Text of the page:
Black Robe by Brian Moore

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Word PressThis sounded promising, but it was very short and I was left feeling that it could have been a lot more.  It tells the story of a mid-17th century French Jesuit missionary and his assistant, travelling amongst bands of Algonquins in what’s now the province of Québec.  Leaving aside the irritating arrogance of people who thought that their religion was better than anyone else’s and that they should go around trying to convert men, women and children who had no interest in converting, even hassling them on their deathbeds, it’s an interesting setting for a book, and the author had obviously done a lot of research.  Some of the language shocks, and some of what goes on, including cannibalism, shocks even more, but the author never tells the story in a way that comes across as condemnatory or judgemental.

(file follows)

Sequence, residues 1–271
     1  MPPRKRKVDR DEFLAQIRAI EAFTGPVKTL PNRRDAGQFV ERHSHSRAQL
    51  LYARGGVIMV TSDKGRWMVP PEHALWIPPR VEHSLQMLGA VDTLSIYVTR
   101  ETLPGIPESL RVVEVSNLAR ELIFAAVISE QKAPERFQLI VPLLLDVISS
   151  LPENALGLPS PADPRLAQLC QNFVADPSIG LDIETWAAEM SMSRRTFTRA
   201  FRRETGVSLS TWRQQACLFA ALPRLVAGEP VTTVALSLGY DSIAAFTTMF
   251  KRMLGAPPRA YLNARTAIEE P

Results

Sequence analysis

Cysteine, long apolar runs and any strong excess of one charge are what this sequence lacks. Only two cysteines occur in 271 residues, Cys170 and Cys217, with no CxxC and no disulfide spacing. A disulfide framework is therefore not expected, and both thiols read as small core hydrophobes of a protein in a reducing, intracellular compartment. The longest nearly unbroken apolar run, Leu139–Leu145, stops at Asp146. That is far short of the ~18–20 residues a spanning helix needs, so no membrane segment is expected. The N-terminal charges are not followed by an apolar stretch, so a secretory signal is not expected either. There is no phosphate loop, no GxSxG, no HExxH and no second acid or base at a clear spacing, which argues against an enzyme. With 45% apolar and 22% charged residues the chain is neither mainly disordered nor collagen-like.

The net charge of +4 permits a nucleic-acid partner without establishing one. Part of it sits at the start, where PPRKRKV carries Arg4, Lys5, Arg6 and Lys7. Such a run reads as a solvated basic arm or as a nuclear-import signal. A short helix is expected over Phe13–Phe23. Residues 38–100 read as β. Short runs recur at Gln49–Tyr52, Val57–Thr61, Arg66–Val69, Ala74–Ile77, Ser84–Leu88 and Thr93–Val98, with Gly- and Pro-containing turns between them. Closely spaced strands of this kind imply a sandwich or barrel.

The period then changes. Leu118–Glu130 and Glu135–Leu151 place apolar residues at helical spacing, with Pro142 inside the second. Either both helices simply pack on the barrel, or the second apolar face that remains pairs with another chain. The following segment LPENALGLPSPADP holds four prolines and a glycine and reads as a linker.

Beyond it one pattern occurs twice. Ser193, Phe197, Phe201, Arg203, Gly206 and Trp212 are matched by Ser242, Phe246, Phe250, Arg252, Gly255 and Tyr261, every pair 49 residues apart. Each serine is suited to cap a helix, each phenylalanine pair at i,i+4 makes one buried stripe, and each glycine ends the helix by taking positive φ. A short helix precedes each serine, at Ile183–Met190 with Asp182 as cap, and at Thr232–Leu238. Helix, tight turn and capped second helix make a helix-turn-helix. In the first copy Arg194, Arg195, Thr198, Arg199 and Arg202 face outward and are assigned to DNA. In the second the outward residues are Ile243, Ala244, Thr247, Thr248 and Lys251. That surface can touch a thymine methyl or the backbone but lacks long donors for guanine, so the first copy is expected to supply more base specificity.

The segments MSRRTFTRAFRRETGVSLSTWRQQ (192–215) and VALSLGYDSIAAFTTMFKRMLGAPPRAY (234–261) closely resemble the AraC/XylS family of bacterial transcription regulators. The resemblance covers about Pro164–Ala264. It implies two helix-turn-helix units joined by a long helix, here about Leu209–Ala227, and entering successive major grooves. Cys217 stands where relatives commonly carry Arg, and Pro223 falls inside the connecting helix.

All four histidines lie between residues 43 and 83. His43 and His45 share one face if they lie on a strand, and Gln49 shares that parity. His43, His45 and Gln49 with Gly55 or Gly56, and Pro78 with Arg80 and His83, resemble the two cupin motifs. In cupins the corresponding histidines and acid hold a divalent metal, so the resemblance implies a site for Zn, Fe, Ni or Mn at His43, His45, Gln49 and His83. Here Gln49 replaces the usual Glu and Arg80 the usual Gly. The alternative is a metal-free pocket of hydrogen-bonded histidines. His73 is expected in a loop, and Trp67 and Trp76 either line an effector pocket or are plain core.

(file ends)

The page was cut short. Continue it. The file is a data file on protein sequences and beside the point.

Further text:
However, the book’s just too brief.  I never felt that I got to know any of the characters properly.  One of the main themes was the relationship between, and eventual marriage of, the Jesuit’s assistant and an Algonquin girl, but we never even got to see how they met.  Maybe I was missing something, but I didn’t feel very satisfied at the end of the book.   It felt as if it could have been so much more, but it wasn’t.

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